"When I was 15, my friends started going to jail," says Victoria Law, a native New Yorker. "Chinatown's gangs were recruiting in the high schools in Queens and, faced with the choice of stultifying days learning nothing in overcrowded classrooms or easy money, many of my friends had dropped out to join a gang."
"One by one," Law recalls, "they landed in Riker's Island, an entire island in New York City devoted to pretrial detainment for those who can not afford bail."
Law shares this and other recollections in her new book, Resistance Behind Bars: The Struggles of Incarcerated Women (PM Press). At 16, she herself decided to join a gang, but was arrested for the armed robbery that she committed for her initiation into the gang. "Because it was my first arrest -- and probably because 16-year-old Chinese girls who get straight As in school did not seem particularly menacing -- I was eventually let off with probation," she writes.
Before her release from jail, Law was held in the "Tombs" awaiting arraignment. While the adult women she met there had all been arrested for prostitution, she also met three teenagers arrested for unarmed assault. "Two of the girls were black lesbian lovers. In a scenario that would be repeated 13 years later in the case of the New Jersey Four, they had been out with friends when they encountered a cab driver who had tried to grab one of them. Her friends intervened, the cab driver called the police and the girls were arrested for assault." Law notes that "both of my cellmates were subsequently sent to Riker's Island."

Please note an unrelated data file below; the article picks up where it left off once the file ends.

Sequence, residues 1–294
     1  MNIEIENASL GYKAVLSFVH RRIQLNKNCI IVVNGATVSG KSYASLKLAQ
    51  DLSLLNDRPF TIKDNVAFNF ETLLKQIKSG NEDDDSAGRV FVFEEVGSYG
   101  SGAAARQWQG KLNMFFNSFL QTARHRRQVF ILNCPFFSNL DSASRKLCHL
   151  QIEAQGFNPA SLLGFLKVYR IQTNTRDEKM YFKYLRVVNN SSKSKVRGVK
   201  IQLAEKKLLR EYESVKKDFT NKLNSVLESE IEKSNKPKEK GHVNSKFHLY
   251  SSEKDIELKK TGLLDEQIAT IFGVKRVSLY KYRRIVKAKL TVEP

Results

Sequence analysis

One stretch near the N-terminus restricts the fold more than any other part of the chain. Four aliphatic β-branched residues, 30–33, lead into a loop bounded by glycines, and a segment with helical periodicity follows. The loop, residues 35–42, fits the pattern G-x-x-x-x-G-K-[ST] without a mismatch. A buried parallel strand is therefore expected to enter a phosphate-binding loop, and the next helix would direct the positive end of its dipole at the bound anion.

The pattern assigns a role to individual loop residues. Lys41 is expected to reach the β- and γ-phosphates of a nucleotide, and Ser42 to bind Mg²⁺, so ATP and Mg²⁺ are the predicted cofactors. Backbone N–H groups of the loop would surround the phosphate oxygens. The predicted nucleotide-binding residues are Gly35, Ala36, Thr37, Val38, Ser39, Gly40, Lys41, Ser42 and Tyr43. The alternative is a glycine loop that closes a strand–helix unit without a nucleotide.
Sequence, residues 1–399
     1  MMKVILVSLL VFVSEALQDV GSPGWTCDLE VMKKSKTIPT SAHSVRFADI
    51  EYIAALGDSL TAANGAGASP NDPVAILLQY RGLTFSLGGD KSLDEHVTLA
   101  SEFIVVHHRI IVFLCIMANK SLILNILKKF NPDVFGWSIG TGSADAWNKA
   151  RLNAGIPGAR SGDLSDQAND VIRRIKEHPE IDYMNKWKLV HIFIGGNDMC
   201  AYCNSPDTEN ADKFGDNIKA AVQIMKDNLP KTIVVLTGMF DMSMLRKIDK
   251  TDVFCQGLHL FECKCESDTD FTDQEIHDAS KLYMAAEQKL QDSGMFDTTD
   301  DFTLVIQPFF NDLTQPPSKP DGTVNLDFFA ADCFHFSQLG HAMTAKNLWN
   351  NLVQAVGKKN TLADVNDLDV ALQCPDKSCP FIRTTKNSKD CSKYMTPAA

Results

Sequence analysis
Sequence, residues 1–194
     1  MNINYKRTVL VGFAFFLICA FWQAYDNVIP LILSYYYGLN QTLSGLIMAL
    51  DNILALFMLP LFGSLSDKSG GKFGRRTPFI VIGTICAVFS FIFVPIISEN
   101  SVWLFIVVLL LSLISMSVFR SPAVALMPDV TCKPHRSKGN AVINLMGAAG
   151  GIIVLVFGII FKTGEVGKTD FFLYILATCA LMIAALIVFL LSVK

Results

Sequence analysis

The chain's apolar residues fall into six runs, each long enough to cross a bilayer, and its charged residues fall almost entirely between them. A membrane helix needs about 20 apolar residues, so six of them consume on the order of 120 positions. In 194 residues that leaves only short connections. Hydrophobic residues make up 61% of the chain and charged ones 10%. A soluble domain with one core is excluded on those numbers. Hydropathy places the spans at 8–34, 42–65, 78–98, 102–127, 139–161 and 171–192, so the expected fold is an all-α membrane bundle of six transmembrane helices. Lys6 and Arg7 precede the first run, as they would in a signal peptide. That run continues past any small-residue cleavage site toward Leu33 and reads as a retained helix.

These early experiences, coupled with her later discovery of radical politics, pushed Law "to think about who goes to prison and why." She got involved in several projects to support prisoners, which included helping to start Books Through Bars in New York City, sending free books to prisoners. In college, she "began researching current prisoner organizing and resistance," and upon discovering almost zero documentation of resistance from women prisoners, she began her own documentation and directly contacted women prisoners who were resisting. A college paper became a widely distributed pamphlet, and at the request of several women prisoners she'd corresponded with, Law helped to publish their writings in a zine called Tenacious: Art and Writings from Women in Prison. Law writes that the zine and pamphlet "heightened awareness not only about incarcerated women's issues, but also women's actions to challenge and change the injustices they faced on a daily basis."
"This book is the result of seven and a half years of reading, writing, listening, and supporting women in prison," Law says about Resistance Behind Bars, noting that each chapter in her book "focuses on an issue that women themselves have identified as important." The chapters include topics as diverse as health care, the relationship between mothers and daughters, sexual abuse, education, and resistance among women in immigration detention. Resistance Behind Bars paints a picture of women prisoners resisting a deeply flawed prison system, which Law hopes will help to empower both the women held in cages and those on the outside working to support them.
Who Goes To Prison?
Since 1970, the US prison population has skyrocketed, from 300,000 to over 2.3 million. According to the US Justice Department, this staggering increase has not resulted from a rise in crime. Since 1993, the prison population has increased by over one million, but during this same period, both property offenses and serious violent crime have been steadily declining. The New York Times recently cited a 2008 report by the International Center for Prison Studies at King's College London documenting that the US has more prisoners than any other country. Furthermore, with 751 out of 100,000 people, and one out of every 100 adults in prison or jail, the US also has the highest incarceration rate in the world. With only five percent of the world's population, the US has almost a quarter of the world's prisoners.